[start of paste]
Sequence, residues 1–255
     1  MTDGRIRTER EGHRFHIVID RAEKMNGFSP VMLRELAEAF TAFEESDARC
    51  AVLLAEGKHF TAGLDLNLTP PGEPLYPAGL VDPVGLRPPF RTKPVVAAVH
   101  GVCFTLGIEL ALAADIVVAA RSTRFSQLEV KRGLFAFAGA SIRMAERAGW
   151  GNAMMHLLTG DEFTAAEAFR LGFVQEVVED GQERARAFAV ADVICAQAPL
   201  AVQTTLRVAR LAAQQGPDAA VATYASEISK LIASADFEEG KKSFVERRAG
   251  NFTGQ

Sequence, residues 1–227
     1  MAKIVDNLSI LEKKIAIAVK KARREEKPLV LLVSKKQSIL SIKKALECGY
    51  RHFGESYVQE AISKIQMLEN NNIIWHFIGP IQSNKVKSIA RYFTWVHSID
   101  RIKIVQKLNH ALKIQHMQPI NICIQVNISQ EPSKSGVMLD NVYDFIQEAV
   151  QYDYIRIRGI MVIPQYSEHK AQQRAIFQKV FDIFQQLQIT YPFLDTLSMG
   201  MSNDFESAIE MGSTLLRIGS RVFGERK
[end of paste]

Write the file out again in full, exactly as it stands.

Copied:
Sequence, residues 1–255
     1  MTDGRIRTER EGHRFHIVID RAEKMNGFSP VMLRELAEAF TAFEESDARC
    51  AVLLAEGKHF TAGLDLNLTP PGEPLYPAGL VDPVGLRPPF RTKPVVAAVH
   101  GVCFTLGIEL ALAADIVVAA RSTRFSQLEV KRGLFAFAGA SIRMAERAGW
   151  GNAMMHLLTG DEFTAAEAFR LGFVQEVVED GQERARAFAV ADVICAQAPL
   201  AVQTTLRVAR LAAQQGPDAA VATYASEISK LIASADFEEG KKSFVERRAG
   251  NFTGQ

Sequence, residues 1–227
     1  MAKIVDNLSI LEKKIAIAVK KARREEKPLV LLVSKKQSIL SIKKALECGY
    51  RHFGESYVQE AISKIQMLEN NNIIWHFIGP IQSNKVKSIA RYFTWVHSID
   101  RIKIVQKLNH ALKIQHMQPI NICIQVNISQ EPSKSGVMLD NVYDFIQEAV
   151  QYDYIRIRGI MVIPQYSEHK AQQRAIFQKV FDIFQQLQIT YPFLDTLSMG
   201  MSNDFESAIE MGSTLLRIGS RVFGERK